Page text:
Oftentimes creating brand new albums from his live shows and performances, Zappa was as technically proficient outside of the studio as he was inside. Previously metion ‘Weasels Ripped My Flesh’, one of his highly regarded albums, was primarily built up out of various live performances by Zappa and the Mothers of Invention. It may not make much sense, but overall the album is amazing for its lack of aim and control rather than poor for it.

Unfortunately, Zappa passed on in 1993, 17 days short of his 53rd birthday. It was seemingly the end of his illustrious musical output. However, since then there has been much more Zappa music discovered, leading to many posthumous CD’s being released in his name. With these additions, Zappa released more than 60 albums, which contained both solo work of MoI work. There are other ‘unofficial’ releases available, primarily through download.

In 1995 he was posthumously inducted into the Rock and Roll Hall of Fame, and in 1997 he received a Grammy Lifetime Achievement Award.

Ever the ‘zany’ character, Zappa named his four children Moon Unit, Dweezil, Ahmet Emuukha Rodan and Diva Thin Muffin Pigeen. This of course nowadays seems horrible and cruel to many outside the family :p:
He often criticised many views of mainstream society through his music, including the lack of freedom of speech, censorship and religion. He was also very vocal concerning the Parents Music Resource Center’s attempts to censor music, and made a statement to the PMRC board. The statement (Originally 5 pages long, though condensed) was as follows:

Quote:

Originally Posted by Frank Zappa
The PMRC proposal is an ill-conceived piece of nonsense which fails to deliver any real benefits to children, infringes the civil liberties of people who are not children, and promises to keep the courts busy for years dealing with the interpretational and enforcemental problems inherent in the proposal's design. It is my understanding that, in law, First Amendment issues are decided with a preference for the least restrictive alternative. In this context, the PMRC's demands are the equivalent of treating dandruff by decapitation ... The establishment of a rating system, voluntary or otherwise, opens the door to an endless parade of moral quality control programs based on things certain Christians do not like. What if the next bunch of Washington wives demands a large yellow "J" on all material written or performed by Jews, in order to save helpless children from exposure to concealed Zionist doctrine?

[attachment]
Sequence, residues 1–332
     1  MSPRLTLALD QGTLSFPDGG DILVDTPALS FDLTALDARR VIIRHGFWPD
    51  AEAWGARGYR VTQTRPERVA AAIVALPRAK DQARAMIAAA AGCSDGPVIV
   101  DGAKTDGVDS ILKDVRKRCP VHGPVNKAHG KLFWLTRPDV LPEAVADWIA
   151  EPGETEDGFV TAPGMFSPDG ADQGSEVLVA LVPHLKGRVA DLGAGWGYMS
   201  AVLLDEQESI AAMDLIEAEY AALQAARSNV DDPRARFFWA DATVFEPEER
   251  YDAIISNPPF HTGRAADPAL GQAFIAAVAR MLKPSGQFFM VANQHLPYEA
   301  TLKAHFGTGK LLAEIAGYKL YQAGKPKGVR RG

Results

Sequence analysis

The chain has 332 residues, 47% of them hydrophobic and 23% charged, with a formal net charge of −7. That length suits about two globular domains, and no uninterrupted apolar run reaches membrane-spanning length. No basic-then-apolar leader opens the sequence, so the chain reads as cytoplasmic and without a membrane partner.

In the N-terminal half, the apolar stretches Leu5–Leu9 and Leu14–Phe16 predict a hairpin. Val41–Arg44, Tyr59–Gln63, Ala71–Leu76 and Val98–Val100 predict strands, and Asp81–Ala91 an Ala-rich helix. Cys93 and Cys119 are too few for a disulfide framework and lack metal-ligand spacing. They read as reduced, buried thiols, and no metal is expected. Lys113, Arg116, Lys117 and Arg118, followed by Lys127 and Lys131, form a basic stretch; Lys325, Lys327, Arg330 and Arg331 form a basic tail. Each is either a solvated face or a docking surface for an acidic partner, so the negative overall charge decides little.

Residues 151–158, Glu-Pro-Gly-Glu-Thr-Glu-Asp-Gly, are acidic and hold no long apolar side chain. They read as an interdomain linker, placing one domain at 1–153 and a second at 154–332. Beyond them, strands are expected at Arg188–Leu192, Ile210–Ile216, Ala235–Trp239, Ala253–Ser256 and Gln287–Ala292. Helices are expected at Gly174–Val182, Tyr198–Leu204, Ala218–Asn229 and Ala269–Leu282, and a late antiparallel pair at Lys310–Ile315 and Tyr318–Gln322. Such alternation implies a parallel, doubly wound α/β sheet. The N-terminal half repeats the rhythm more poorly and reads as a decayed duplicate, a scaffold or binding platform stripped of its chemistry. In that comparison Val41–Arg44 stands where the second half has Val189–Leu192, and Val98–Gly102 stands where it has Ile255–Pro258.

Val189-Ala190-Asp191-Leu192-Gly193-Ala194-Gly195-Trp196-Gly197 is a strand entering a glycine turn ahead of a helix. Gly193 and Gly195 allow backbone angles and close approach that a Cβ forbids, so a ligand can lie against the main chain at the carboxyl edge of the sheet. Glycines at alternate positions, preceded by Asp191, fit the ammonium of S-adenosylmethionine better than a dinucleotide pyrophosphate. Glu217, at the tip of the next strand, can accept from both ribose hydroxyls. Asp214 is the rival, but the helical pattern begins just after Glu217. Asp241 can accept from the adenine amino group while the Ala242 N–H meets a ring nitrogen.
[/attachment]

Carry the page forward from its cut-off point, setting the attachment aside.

The full statement and questioning can be found here Frank Zappa Statement, PMRC Senate Hearing

It is virtually impossible to peg down Zappa as an artist to any specific sound or genre… Rather he was simply a musician who did what he wanted to do (Especially when he was under his own label), no matter what others thought, or whether they couldn’t understand his sense of humour.

Some youtube videos…


Why does it hurt when I pee?


Strictly Genteel


Peaches En Regalia


He’s So ***

http://upload.wikimedia.org/wikipedi...e/e6/Zappa.jpg
http://upload.wikimedia.org/wikipedi...ppa_yshark.jpg

Piss Me Off 06-23-2009 09:10 AM

Nominated by Alfred

The Clash

http://www.ovationtv.com/files/large...sh_372x280.jpg

The Clash have been one of the most influential and inspiring bands in the history of punk rock, if not rock period. For a punk rock band, The Clash's music was complex. They were dubbed the "Thinking Man's Yobs" because of their political views that expanded beyond anarchy, unlike many of their peers. Along with punk rock, the Clash mixed a wide variety of genres into their sound, making them extremely diverse. This became more noticeable as their career went on. There's something in their sound for everyone.

You may hate U2, but I think The Edge put it best when he said "The Clash were the shit".

Piss Me Off 06-23-2009 09:12 AM

Nominated by Waspstar

Bob Dylan


http://www.bobdylanlyrics.net/bob_dylan_4.jpg

If he had done nothing but record Highway 61 Revisited, he'd still deserve a place in any hall of fame. But he's made plenty of records that are just as good (or almost as good):

The Freewheelin' Bob Dylan
The Times, They Are-A Changin'
Blonde On Blonde
John Wesley Harding
Nashville Skyline
Blood On The Tracks
Street Legal
Empire Burlesque
Under The Red Sky
Good As I Been To You
Time Out Of Mind
Love & Theft


And I'll bet there's no one here who hasn't heard some version of at least one of these: All Along The Watchtower, Blowin' In The Wind, Knockin' On Heaven's Door, Like A Rolling Stone, If Not For You, Rainy Day Women. I can't imagine anyone not rating those as songs (say what you will about his voice or his haphazard approach to making records; his songs define brilliance).

Dylan was my gateway drug into bona fide music addiction, and in a way, that was a bad thing, because everything was downhill from there. :)

Piss Me Off 06-23-2009 09:13 AM

Nominated by Jackhammer


Pink Floyd


http://aroundtheedges.files.wordpres...k_floyd_68.jpg

I could go into huge detail about this band but almost everybody knows who they are and probably own something by them. They have spent a staggering 700+ weeks on the billboard charts but ask the average joe what they look like and they wouldn't have a clue. They have never thrust their politics down anyones throat and are notoriously media wary.

Their album covers alone are works of art and for better or worse they have been instrumental in pushing production quality to the max.

Piper At The Gates Of Dawn is better than Sgt. Peppers (released in the same year) with the opening track still sounding extraordinary after 40 years.

David Gilmour is a superlative guitarist and Roger Waters was a brilliant lyricist. Syd Barrett's influence is still heard today in guitar based pop music. Oh and David Gilmour sold one of his houses a few years ago and gave all the money to shelter- a homeless charity (a cool £million+), a fact little known because he didn't big himself up for it. Vote them in. you know you want to.

Piss Me Off 06-23-2009 09:15 AM

Nominated by TheBig3KilledMyRainDog

Tom Waits

http://img2.timeinc.net/ew/dynamic/i...611__tom_l.jpg